Author + information
- Sandeep Prabhu, MBBS and
- Peter M. Kistler, MBBS, PhD∗ ()
- ↵∗Clinical Electrophysiology Research, The Baker Heart & Diabetes Institute, 75 Commercial Road, Melbourne, Victoria, 3004 Australia
The CAMERA-MRI (Catheter Ablation Versus Medical Rate Control in Atrial Fibrillation and Systolic Dysfunction) study was designed to highlight the role of atrial fibrillation (AF) in unexplained heart failure and the notion that restoration of sinus rhythm with catheter ablation would result in significant improvement in left ventricular systolic dysfunction (1). Pulmonary vein isolation (PVI) followed by posterior wall isolation was the preferred ablation strategy in patients randomized to catheter ablation as part of the CAMERA-MRI trial. Posterior wall isolation can be challenging likely due to variations in the extent and thickness of the septopulmonary bundle descending into the posterior left atrium. We have had extensive experience with posterior wall isolation and have published an acute success of 91% in 161 patients with persistent AF with long-term freedom from AF in 85% (2). We agree with Hsu and colleagues that this ablation approach may not be generalizable to less experienced, smaller volume operators. Whether an ablation strategy confined to PVI alone in patients with persistent AF and heart failure would be associated with an equivalent success is unclear. Posterior wall isolation was not part of the adjunctive strategies in the STAR2 AF (Substrate and Trigger Ablation for Reduction of Atrial Fibrillation Trial Part II) multicenter randomized study (3). The role of posterior wall isolation in addition to PVI in persistent AF ablation is the subject of randomized studies including the CAPLA (Catheter Ablation of the Posterior Left Atrium) study (ACTRN12616001436460). A small proportion (6%) of patients did not undergo posterior wall isolation at the operator discretion due to procedure length, patient stability, and concerns regarding esophageal injury.
At the time of this study, esophageal temperature monitoring was not in routine use at the centers involved in this study. Routine measures to minimize esophageal injury included visualization of the esophagus with cardiac computed tomography and intraprocedural transesophageal echocardiography limiting the duration and power of catheter ablation on the posterior wall to 25 W, avoiding excessing (>40 g) contact force and short-term proton pump inhibitor therapy were used for all patients. There were no esophageal complications in the CAMERA-MRI study. Esophageal temperature monitoring is now routinely used following the release of the 2017 expert consensus statement on catheter ablation of AF (4).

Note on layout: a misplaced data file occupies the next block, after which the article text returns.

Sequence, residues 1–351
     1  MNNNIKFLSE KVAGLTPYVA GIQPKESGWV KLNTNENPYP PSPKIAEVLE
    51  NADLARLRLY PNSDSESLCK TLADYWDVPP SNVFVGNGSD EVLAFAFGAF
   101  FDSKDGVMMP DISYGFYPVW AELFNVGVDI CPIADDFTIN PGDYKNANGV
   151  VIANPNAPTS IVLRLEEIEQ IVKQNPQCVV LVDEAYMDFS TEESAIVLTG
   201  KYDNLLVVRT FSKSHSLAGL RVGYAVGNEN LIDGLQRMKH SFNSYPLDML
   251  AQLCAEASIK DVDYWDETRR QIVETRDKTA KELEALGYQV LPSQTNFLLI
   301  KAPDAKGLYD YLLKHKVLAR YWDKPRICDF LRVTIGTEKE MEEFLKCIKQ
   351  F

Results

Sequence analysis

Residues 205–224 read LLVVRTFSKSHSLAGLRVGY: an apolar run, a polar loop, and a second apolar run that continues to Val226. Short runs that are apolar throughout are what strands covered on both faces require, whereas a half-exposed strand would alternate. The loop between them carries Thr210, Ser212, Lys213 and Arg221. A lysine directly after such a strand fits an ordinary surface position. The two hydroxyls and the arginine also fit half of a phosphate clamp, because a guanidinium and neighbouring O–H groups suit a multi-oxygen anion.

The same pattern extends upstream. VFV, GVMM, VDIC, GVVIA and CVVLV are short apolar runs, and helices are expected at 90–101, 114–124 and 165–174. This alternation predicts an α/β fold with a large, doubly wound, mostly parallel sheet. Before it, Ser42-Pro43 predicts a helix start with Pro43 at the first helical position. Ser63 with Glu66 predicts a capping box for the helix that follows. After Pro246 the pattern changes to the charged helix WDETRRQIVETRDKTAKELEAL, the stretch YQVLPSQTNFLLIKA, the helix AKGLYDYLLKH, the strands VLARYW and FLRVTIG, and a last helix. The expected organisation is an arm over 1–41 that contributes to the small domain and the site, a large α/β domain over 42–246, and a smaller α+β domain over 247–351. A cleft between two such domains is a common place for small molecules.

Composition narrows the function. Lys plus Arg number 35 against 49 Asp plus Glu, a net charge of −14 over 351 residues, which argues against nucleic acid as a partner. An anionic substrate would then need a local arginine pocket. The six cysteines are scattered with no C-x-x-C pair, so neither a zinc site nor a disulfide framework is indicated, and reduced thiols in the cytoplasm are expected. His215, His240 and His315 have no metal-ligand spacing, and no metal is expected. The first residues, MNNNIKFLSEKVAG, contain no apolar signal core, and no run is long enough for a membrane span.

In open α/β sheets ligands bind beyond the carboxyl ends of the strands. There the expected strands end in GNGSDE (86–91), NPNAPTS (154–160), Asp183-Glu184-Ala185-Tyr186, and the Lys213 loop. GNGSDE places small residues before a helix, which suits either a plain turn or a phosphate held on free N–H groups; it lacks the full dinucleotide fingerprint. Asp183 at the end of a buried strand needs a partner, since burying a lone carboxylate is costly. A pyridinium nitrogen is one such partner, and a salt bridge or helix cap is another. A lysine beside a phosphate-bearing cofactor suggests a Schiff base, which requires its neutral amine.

Importantly, the primary aim of the CAMERA-MRI study (1) was to evaluate the impact of sustained sinus rhythm upon ventricular function (achieved through catheter ablation) in those patients with rate-controlled persistent AF and an otherwise unexplained cardiomyopathy and in whom pharmacological rhythm control had failed. It was neither powered nor designed to evaluate the impact of a specific ablation strategy upon long-term outcomes. We await with interest the longer-term outcomes of catheter ablation in this population and randomized studies to identify the optimal ablation strategy in patients with persistent AF, and concurrent left ventricular dysfunction.
Please note: This was an investigator-initiated study. St. Jude Medical (Roseville, Minnesota) provided 14% of ILRs used in this study ex gratia. However, St. Jude Medical provided no funding and had no role in study design, data collection, data analysis, data interpretation, or writing of the report. There were no other industry funding sources. Dr. Prabhu has received funding from Australian National Health and Medical Research Council (NHMRC) and/or the National Heart Foundation of Australia, as well as funding from the Baker Heart and Diabetes Research Institute (Melbourne, Australia). Dr. Kistler has received funding from St. Jude Medical for consultancy and speaking engagements; and was in part supported by the NHMRC. This research is supported in part by the Victorian Government’s Operational Infrastructure Funding.
- 2018 American College of Cardiology Foundation
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